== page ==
Bobby Caldwell, a legendary R&B singer and songwriter who wrote songs like Open Your Eyes and What You Won’t Do for Love, died at 71. According to a statement made on March 15 by his wife, Mary Caldwell, the singer had suffered from a protracted illness.
On his verified Twitter account, she wrote:
“Bobby passed away here at home. I held him tight in my arms as he left us. I am forever heartbroken. Thanks to all of you for your many prayers over the years.”
Bobby passed away here at home. I held him tight in my arms as he left us. I am forever heartbroken. Thanks to all of you for your many prayers over the years. He had been "FLOXED," it took his health over the last 6 years and 2 months. Rest with God, my Love. -Mary Caldwell
— Bobby Caldwell (@bobbycaldwell) March 15, 2023
Caldwell credited his versatility as a musician and his deep voice for the diversity of Miami, Florida, where he was born and bred. His iconic song What You Won’t Do for Love shot to the top of the Billboard charts as soon as it was released in 1978.
The song was sampled by Tupac Shakur for his 1998 posthumous hit single Do For Love. Other musicians like Common, The Notorious BIG, and John Legend have sampled his music.
Ahmir “Questlove” Thompson paid tribute to the late singer on Instagram and included a lengthy statement detailing their years-long game of phone. Thompson collaborated with Common on The Light, which includes a sample of Caldwell’s Open Your Eyes.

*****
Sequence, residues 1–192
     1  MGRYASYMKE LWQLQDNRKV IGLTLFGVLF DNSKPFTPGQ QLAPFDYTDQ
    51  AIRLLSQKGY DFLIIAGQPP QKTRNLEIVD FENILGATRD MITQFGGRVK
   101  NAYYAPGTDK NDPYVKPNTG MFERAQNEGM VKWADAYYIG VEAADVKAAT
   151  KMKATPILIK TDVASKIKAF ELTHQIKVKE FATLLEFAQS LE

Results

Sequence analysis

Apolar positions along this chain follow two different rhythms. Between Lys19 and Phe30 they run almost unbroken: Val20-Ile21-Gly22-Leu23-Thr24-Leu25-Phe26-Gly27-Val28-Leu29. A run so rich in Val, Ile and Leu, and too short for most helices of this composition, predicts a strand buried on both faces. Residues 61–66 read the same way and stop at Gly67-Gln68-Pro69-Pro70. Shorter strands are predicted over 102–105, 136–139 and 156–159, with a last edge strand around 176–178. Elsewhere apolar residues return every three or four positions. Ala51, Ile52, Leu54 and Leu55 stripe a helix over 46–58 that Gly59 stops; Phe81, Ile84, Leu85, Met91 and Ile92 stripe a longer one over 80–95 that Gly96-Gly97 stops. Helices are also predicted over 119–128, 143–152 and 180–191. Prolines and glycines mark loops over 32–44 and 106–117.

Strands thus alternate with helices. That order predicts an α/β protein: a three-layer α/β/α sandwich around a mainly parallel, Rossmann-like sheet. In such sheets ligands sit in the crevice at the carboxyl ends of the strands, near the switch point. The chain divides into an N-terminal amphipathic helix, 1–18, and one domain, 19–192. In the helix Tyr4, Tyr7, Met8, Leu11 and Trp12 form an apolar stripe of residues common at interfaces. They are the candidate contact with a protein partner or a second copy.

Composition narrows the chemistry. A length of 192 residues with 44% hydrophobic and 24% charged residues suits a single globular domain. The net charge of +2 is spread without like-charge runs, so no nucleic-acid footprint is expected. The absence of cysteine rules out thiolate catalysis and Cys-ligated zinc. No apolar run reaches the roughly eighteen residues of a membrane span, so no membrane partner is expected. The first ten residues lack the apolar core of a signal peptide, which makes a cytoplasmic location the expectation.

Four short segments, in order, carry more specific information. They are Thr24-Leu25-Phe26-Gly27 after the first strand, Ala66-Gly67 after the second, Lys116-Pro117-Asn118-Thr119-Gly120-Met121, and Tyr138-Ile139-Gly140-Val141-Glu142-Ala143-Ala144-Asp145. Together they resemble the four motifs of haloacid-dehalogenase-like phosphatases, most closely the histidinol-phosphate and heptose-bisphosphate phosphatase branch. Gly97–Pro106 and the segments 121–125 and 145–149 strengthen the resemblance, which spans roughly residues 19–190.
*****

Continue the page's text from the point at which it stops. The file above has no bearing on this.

He stated (as reported by The Guardian)-
“Man such a missed opportunity to meet a legend. Thank you for your voice and gift.”
After being exposed to the city’s Hispanic, Haitian, reggae, and R&B music, Caldwell was raised in Miami. In 1951, he was born in Manhattan. He got his big break playing rhythm guitar for Little Richard in the early 1970s.
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He signed with the largely Black-focused record company TK Records in 1978. Caldwell composed songs like The Next Time I Fall for Amy Grant and Peter Cetera for musicians besides himself.
In a 2005 interview with NPR (as reported by E-news), Caldwell described music as follows:
“Most of the wonderful people I’ve gotten to know in the radio business, they all say the same thing. It’s like a universal language, and should have no barriers.”
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